CHICAGO/WASHINGTON (Reuters) – U.S airlines were making a last-minute push on Friday for a $50 billion government stimulus package to include cash, arguing tens of thousands of jobs will otherwise be lost.
A Republican proposal introduced in the U.S. Senate on Thursday would grant up to $50 billion in secured loans to help passenger airlines hit by the coronavirus crisis, but bars cash grants and could result in the government getting equity stakes.
Senate Majority Leader Mitch McConnell wants a deal signed by the end of the day, spurring intense discussions between airlines and congressional aides, people familiar with the matter said.
In an unusual show of unity, American Airlines Group Inc (AAL.O) joined forces with its main union groups to send a joint letter to Washington leaders on Friday, pleading for help amid what they called an extraordinary erosion in demand for air travel.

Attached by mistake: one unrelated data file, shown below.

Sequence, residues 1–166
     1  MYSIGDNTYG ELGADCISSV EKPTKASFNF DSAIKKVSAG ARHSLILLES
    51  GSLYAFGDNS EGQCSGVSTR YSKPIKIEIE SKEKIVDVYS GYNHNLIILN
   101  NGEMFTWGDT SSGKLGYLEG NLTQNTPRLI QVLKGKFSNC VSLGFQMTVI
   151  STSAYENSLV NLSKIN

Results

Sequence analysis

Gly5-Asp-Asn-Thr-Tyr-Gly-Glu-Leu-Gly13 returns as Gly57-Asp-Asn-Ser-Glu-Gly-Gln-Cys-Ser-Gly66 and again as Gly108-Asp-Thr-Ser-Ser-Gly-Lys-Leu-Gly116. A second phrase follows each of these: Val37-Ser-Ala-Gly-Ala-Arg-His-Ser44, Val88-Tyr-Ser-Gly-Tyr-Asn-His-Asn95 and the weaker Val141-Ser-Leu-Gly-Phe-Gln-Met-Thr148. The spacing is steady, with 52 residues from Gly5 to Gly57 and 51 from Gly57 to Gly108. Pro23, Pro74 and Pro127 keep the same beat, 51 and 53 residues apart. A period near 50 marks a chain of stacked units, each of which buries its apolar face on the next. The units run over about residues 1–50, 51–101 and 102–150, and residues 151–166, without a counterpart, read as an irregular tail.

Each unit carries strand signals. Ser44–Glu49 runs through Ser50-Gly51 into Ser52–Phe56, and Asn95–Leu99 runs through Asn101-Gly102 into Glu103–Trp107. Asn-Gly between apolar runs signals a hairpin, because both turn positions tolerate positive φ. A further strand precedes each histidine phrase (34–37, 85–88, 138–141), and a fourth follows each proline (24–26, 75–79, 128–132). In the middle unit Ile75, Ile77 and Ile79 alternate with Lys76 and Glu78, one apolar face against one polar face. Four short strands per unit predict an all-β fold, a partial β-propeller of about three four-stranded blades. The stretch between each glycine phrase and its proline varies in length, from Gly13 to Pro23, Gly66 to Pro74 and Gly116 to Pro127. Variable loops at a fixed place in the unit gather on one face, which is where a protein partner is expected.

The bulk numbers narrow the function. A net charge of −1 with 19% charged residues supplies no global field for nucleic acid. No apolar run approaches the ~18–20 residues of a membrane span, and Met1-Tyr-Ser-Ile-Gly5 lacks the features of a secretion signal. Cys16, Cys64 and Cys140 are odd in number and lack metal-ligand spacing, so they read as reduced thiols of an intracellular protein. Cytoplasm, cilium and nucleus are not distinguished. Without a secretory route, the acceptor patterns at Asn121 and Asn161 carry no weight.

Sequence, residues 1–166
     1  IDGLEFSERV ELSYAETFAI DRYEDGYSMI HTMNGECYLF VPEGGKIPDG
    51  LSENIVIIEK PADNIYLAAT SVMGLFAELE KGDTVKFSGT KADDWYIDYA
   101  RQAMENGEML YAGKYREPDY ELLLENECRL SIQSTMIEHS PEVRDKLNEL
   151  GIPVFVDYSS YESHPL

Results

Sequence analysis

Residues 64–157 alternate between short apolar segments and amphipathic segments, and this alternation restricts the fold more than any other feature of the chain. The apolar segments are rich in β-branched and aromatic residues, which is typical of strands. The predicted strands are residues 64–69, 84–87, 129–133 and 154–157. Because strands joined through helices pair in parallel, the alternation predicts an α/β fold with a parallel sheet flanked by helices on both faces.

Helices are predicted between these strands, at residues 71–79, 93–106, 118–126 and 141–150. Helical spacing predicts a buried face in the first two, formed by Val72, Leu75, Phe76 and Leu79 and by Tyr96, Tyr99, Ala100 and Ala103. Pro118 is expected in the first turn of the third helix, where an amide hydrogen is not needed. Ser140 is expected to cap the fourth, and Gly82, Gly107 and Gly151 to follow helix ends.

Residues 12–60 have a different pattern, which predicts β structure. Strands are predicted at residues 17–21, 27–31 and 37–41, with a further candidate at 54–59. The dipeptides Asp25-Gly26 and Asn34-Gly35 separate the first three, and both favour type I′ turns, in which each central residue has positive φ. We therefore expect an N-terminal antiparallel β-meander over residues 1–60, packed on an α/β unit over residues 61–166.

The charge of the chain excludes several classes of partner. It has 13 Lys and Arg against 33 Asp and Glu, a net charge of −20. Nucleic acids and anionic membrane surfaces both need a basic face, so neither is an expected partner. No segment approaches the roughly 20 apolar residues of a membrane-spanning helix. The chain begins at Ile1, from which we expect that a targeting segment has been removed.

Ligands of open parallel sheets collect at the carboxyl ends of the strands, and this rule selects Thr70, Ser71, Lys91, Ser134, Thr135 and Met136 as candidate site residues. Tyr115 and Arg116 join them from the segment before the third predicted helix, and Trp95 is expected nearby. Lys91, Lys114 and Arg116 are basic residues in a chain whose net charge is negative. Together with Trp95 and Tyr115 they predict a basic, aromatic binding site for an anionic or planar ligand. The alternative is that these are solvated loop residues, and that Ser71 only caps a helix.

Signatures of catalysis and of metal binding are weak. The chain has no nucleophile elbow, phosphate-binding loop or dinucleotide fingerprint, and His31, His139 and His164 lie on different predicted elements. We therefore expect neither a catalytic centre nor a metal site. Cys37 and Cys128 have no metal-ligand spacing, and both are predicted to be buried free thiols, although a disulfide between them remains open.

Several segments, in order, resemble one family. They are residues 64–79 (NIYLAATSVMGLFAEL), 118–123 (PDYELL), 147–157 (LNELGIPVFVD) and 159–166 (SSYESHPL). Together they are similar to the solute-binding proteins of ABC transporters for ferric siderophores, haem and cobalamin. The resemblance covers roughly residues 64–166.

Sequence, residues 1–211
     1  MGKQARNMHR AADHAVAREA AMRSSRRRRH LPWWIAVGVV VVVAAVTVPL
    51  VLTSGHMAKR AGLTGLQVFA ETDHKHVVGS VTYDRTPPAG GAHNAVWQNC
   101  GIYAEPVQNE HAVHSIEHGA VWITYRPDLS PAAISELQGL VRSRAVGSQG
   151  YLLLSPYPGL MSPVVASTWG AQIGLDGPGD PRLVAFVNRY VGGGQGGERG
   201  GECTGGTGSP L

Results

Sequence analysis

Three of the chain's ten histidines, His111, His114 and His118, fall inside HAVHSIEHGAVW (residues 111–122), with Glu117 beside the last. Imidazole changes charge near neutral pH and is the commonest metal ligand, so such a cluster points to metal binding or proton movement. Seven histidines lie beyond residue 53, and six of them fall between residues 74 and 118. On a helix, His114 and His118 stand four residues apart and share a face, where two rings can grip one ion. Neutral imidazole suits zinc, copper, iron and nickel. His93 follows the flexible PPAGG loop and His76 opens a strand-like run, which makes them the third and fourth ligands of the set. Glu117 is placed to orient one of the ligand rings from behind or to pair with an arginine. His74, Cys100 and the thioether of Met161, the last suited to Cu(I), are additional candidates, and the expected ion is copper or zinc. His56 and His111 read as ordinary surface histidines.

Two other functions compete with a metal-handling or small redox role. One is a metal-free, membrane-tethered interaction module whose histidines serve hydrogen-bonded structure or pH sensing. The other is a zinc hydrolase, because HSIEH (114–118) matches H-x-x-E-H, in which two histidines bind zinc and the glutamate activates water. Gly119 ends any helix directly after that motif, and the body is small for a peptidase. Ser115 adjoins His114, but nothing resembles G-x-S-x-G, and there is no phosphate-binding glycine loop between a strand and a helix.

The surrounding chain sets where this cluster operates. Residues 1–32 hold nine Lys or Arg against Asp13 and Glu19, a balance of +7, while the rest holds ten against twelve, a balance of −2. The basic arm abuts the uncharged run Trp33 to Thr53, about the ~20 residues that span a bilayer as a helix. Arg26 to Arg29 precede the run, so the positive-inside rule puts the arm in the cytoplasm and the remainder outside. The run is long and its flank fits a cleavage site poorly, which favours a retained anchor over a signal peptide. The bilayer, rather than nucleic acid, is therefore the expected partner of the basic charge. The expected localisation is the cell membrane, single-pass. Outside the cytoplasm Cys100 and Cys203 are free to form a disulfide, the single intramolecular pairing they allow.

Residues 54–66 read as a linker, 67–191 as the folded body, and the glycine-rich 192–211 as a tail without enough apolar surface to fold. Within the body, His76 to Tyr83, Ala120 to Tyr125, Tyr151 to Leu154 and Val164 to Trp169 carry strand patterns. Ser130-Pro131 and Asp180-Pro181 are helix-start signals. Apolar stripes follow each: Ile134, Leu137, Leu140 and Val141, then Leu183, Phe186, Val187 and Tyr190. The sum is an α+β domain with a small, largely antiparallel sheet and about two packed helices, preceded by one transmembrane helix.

“Together, we implore our country’s leadership to act quickly to ensure our livelihoods are protected and our country’s air system remains intact,” American said in the letter signed by Chief Executive Doug Parker and the leaders of seven work groups including pilots and flight attendants.
American has 130,000 employees and is 85% unionized.
American and other large airlines have already raised capital and taken steps to reduce costs to a bare minimum in an effort to preserve cash as bookings continue to decline, but they have warned of furloughs without government relief.
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